I was more interested in the aftermath sections than in the sections discussing Klebold and Harris. The story of the aftermath is a sad story, of course, not only for the hurt inflicted upon all the kids, and the parents and the community, but also for the way that differing responses to the tragedy clashed against each other and created new wounds. The story of the minister who reached out to the Klebold family stands out in my mind from this section.

I liked that Cullen explained how and even why the news media messed up, causing certain myths to take a permanent hold in national memory. I find it somewhat disturbing that some still hold onto the myth of high school student Cassie Bernall’s last moments even when confronted with the truth.

The sections that analyzed Harris and Klebold were good, even if I wasn’t interested in all the details that are included in the book. One of the strongest parts was when Cullen explained exactly what a psychopath is, and how that makes dealing with one especially difficult. Also, I had not even heard about how the mother of one of Harris’ former friends had called the cops regarding Harris starting in 1997.

A huge source of information for the psychological analysis included in Columbine, was from the work of (now retired) FBI agent Dwayne Fuselier. Fuselier’s son was a student at Columbine, and Fuselier had experience as a hostage negotiator and psychologist working for the FBI. With his automatic closeness to and expertise for the case, Fuselier ended up researching and completing an assessment on the two students who killed their classmates. But as Cullen reminds the reader, there are some things that are still not known. Testimony from Harris and Klebold’s parents has been sealed until a date far in the future. Still, what is provided in Columbine is a clearer picture than what I had before.

Columbine is definitely a book I felt compelled to discuss with others. I said to my roommate that it makes me want to read other books like this one – books written years after a major news event, thus (hopefully) having the extra clarity and coherence that only the passage of time can provide.

Not that long ago, there was a fatal shooting at Chardon High School in Ohio. I saw speculation as to motive and means play out and change in successive news stories. In time, maybe the fuller story will be known. Unlike what happened at Columbine, the shooter in this recent tragedy did not die. But I definitely thought of Cullen’s book when I read about the shooting at Chardon and I did feel like I had a more grounded perspective towards it because of this book.

Excerpts from others’ reviews:

Home Girl’s Book Blog – “. . . Cullen handles a terrifying topic with a sensitive alchemy of abstraction and vernacular detail that kept me reading.”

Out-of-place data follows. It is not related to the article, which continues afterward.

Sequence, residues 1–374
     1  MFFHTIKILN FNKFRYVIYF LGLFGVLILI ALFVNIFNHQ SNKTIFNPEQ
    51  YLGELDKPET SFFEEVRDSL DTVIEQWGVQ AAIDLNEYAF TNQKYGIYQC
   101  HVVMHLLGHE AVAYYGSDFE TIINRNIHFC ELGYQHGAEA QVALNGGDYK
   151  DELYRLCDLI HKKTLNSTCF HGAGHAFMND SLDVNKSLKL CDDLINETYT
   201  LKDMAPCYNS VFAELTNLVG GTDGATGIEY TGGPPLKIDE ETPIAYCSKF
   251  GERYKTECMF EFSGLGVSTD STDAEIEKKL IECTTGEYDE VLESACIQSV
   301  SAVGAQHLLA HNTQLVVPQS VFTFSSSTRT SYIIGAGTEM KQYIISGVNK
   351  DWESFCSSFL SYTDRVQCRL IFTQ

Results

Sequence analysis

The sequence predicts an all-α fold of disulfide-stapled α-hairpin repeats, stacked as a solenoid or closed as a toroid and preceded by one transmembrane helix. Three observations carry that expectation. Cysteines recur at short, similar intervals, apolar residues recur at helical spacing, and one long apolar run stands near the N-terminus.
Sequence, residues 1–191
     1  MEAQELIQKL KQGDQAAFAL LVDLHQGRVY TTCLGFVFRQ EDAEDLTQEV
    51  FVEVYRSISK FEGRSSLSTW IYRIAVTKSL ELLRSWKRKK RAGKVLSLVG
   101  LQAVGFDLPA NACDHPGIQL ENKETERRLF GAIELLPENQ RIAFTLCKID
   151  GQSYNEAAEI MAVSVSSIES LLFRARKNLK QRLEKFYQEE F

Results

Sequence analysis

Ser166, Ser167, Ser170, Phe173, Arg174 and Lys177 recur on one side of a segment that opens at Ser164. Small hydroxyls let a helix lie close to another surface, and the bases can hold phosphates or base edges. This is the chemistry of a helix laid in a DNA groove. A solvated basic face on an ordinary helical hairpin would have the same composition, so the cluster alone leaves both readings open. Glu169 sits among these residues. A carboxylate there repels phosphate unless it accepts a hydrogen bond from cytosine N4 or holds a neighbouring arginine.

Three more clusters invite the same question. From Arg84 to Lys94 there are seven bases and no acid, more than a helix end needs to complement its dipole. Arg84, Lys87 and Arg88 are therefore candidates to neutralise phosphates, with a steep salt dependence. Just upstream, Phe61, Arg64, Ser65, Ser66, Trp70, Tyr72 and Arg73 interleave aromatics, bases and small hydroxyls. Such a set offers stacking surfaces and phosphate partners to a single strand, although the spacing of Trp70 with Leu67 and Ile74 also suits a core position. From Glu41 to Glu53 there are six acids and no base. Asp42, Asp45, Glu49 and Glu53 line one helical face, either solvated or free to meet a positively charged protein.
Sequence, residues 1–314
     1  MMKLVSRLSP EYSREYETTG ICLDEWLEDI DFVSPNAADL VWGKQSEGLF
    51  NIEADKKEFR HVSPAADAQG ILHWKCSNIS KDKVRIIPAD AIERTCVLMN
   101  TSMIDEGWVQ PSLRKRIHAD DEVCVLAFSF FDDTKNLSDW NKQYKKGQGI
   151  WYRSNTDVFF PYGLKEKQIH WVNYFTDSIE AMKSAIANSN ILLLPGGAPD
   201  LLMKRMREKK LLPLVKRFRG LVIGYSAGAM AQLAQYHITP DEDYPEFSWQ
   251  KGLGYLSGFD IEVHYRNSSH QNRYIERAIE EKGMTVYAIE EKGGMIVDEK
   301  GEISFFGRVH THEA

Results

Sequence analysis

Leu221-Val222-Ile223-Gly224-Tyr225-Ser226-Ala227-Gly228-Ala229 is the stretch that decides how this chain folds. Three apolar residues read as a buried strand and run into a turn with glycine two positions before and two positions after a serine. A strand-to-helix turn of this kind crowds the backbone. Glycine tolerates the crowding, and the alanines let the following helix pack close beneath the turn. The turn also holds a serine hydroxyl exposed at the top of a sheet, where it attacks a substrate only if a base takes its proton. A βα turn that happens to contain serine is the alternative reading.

Reading Rants – “Far from being a titillating tabloid text, this meticulously researched and sensitive tome works to further our understanding of a terrible event and underlines the fact that we are all responsible for each other and for monitoring the warning signs that can lead to such a fatal tragedy as Columbine.”

start narrative here – “Dave Cullen so effectively erases his own authorial voice that it is very easy to accept everything he writes as the definitive version of the massacre, and yet so much remains unanswered and contradictory. I still feel like it is important to note that despite his indepth research, conjecture and consultation with experts on the case, it is still only one journalists interpretation of events.”


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Crossover episode

Eva of A Striped Armchair has started a lovely feature where she recommends books to readers who email her a list of her favorites. I had emailed her soon after she announced this, and today she posted her recommendations to her blog! Unfortunately, I have discovered today that my comments are not showing up on other WordPress blogs, so my expression of joy on her blog has been frustratingly thwarted from public appearance. So I’m just throwing up this little post to say thanks! I’ve only read two of the recommendations (Purple Hibiscus and Their Eyes Were Watching God) so there’s a bunch of books that I’ve now added to my to-read list now!

[Edit: commenting problem solved. I’d somehow recently ended up on Askimet’s spam list, but I’ve contacted them and they have said they have fixed it.]


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Bands I’ve Been Listening to Lately

It’s possible that I may love music more than I love books. (But of course I wouldn’t do without either if I could help it.) However, I rarely write about music because I feel that I don’t have the terminology or breadth of knowledge to discuss it in a way that people would understand. Musical genres and subgenres confuse me and seem to be more important to music reviews than genres are important to book reviews. Also, my musical knowledge has significant gaps. I couldn’t tell you who influenced who or what other bands share the same territory as this one band. But I do love to share music with others, and the best way I can find is just to have them listen to it.

So, with that said, here are two bands I’ve been enjoying lately. The first is a band called Tennis. I’ve only heard the songs from their new album Young & Old.

And the other band is The Silver Seas. The album I own is called Chateau Revenge! which is just a cool title. Both bands have a retro vibe, especially The Silver Seas.

Anyway, hope you enjoy!